Make appropriate eye contact. Eye contact suggests that you’re focused. Try to make consistent eye contact without lingering or staring, as that can be awkward or intimidating. Importantly, note the speaker’s eye contact. If they avoid looking you directly in the eye, they may be sensitive or uncomfortable. Shifting their gaze might better allow them to process information. The more you can observe and adapt, the better the conversation will go. 

Avoid interruptions and distractions. Interruptions like clicking your pen or checking your phone immediately disrupt the flow of conversation. Remove all possible physical disruptions. Additionally, avoid imposing your views or suggestions when the speaker is still taking their turn. Interjecting your own words can throw someone off balance and distract them from completing a thought. 

Be comfortable with silence. Always pause to allow the speaker (and yourself!) to collect their thoughts. Conversations and negotiations should not be verbal sparring matches: you don’t always have to jump in, reply, or comment. Providing a moment of grace can even work to your advantage. Let the other person divulge their solutions, ideas, thoughts, and concerns before you give up yours.

Accommodate different learning styles. Everyone absorbs information differently. Acknowledge auditory, visual, verbal, or kinesthetic learners by attending to their specific learning style and meeting them on their level. Some people are quick to absorb new concepts, while others may take more time to process information. Be respectful of their needs. Likewise, avoid the urge to conclude people’s thoughts and ideas for them. Trying to help somebody along might actually stifle their self-expression.

Enforce the 80/20 rule. Listen, listen, listen! As a rule of thumb, 80% of your conversation should involve you listening to the other person compared to just 20% talking. Devote the majority of your conversation to listening, observing those critical nonverbal cues, and confirming your understanding of the speaker’s point of view. 

Once you’ve listened and absorbed the speaker’s ideas, look for opportunities to build onto what they’ve said before sharing your own perspective and ideas. The speaker will feel respected and heard—and that will reflect positively on your patience and empathy.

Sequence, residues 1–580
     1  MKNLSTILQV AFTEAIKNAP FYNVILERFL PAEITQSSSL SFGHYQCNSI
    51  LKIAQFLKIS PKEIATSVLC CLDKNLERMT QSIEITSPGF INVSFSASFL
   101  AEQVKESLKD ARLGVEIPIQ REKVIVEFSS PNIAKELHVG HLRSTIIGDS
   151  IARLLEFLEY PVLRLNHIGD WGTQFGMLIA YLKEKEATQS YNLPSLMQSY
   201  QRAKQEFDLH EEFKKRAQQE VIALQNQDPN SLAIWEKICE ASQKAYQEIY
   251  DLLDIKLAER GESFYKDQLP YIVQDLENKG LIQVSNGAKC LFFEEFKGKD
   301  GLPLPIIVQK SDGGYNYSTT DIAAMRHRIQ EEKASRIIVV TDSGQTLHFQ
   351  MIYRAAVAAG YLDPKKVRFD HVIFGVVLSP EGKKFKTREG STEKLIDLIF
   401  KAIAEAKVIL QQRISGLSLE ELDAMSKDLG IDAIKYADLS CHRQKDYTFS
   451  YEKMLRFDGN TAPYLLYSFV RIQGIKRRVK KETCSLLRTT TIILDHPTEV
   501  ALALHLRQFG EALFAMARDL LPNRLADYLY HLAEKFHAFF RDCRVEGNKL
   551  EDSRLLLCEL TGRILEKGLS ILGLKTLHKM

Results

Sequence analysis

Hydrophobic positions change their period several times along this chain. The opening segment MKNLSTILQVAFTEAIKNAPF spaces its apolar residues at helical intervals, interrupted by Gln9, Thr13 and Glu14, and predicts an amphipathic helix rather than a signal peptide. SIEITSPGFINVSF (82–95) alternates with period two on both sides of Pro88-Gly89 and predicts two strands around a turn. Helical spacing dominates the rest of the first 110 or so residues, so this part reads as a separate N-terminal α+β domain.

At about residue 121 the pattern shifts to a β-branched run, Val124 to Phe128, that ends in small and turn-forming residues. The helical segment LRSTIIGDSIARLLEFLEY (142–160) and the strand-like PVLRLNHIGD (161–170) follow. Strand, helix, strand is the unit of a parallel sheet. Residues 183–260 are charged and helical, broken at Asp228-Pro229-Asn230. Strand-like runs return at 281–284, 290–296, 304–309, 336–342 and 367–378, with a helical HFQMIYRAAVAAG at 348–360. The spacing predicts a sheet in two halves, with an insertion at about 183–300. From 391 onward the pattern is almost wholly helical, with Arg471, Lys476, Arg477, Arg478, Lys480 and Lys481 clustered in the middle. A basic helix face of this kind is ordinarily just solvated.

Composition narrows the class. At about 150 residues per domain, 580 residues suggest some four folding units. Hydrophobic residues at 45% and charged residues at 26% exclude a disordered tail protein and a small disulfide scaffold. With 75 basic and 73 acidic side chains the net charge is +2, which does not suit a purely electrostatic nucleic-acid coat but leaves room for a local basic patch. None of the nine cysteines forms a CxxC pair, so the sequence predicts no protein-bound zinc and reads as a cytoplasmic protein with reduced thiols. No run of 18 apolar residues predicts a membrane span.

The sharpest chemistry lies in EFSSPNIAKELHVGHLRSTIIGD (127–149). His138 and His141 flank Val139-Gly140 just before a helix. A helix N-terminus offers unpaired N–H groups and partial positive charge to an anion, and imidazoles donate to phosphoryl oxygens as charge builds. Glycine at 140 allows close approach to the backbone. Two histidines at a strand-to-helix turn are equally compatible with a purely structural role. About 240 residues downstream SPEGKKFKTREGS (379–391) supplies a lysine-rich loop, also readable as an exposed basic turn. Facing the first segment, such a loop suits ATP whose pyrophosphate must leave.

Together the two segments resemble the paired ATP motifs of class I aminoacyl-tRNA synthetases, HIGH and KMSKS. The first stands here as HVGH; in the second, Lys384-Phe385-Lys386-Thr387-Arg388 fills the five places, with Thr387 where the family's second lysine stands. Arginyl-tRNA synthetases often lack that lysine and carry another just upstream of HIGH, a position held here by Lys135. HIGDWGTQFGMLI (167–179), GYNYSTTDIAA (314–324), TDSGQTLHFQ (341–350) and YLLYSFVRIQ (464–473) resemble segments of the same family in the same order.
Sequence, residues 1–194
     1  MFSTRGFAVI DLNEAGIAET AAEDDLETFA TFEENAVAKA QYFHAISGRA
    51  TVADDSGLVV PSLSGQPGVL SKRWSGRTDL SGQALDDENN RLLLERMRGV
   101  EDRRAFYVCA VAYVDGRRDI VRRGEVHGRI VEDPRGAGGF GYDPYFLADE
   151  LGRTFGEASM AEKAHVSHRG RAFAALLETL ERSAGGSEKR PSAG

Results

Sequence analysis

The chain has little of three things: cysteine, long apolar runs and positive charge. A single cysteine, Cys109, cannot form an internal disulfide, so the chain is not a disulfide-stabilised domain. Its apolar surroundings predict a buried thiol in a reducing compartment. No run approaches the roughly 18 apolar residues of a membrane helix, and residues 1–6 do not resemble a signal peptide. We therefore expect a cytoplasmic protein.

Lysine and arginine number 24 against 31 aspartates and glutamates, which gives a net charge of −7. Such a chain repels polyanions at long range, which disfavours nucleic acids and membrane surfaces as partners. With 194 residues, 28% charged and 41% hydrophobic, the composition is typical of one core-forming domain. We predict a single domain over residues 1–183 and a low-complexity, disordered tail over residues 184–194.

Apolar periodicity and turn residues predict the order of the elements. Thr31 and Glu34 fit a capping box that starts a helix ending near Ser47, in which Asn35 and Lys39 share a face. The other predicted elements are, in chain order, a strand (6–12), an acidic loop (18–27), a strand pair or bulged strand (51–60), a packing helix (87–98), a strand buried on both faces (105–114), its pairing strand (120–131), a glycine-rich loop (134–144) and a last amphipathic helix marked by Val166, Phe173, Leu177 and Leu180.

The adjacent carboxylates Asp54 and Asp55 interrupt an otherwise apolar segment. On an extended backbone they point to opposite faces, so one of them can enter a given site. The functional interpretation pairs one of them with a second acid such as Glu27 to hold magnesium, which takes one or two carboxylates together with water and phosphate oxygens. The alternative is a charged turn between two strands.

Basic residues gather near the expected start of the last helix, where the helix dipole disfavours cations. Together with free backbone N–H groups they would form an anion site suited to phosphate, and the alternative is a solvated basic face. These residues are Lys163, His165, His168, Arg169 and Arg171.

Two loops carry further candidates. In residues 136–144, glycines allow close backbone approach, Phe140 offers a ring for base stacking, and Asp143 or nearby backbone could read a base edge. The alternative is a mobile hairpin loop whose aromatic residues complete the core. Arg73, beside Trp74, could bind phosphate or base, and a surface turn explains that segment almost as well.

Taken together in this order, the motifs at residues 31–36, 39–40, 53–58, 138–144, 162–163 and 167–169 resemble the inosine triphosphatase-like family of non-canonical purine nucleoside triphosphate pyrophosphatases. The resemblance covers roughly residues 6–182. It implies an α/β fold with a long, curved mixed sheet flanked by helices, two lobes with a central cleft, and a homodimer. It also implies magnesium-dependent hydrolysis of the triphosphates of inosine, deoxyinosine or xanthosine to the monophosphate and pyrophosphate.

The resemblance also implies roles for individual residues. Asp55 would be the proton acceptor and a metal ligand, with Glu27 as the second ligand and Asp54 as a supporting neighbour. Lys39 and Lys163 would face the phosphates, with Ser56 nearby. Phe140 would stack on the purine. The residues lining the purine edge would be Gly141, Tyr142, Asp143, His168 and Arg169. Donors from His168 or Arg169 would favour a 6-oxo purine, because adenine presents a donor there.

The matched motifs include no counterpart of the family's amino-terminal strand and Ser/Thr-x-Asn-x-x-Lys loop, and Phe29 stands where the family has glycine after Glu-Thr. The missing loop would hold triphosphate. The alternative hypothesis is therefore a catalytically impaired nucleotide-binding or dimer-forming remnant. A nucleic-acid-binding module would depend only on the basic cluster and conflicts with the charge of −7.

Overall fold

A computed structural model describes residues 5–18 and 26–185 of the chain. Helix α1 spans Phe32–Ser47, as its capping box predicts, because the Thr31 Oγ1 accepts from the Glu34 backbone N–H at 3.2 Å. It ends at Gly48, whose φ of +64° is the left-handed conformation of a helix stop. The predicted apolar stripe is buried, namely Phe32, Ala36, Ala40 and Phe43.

The Value of Listening in Negotiation

The most valuable tool in negotiation is the ability to truly understand the other person’s needs and desires. To get what you want, you must know what drives you (what I call your “why”) and balance that against the other person’s desires (their “why”). 

An expert negotiator listens intently to the other person’s “why” and capitalizes on its intersection with their own “why.”

Traditional workplace environments celebrate a confrontational negotiation style that’s inherently combative. People make the mistake of assuming they know the other person’s intentions and then communicate without really ever listening. Neither party feels heard, minimizing the chances of reaching a solution even when one is readily available. 

In my free No F.E.A.R Negotiation eBook, I outline steps to approaching negotiation without Fear, Ego, Attachment, or Reactivity (F.E.A.R). One of the classic ways Ego presents itself is talking too much instead of listening. Rambling on is troubling for a number of reasons, as it can suggest uncertainty or even monopolization of a topic. If you’re talking too much, you aren’t listening, and you certainly aren’t negotiating on the winning side.

A Salesforce survey shows that business leaders attract more support when they empower their employees by listening and making them feel heard. There are enormous benefits to demonstrating that you can listen. We all want to know that our position is being thoughtfully considered and respected!

The better you understand what someone else wants, the more skillfully you can negotiate. Practicing active listening ensures that you always know where the other party stands. Want to learn more? Download my No F.E.A.R Negotiation eBook or reach out directly for a consultation! 

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Tags

Active listening, effective negotiator, Negotiation, rapport, trust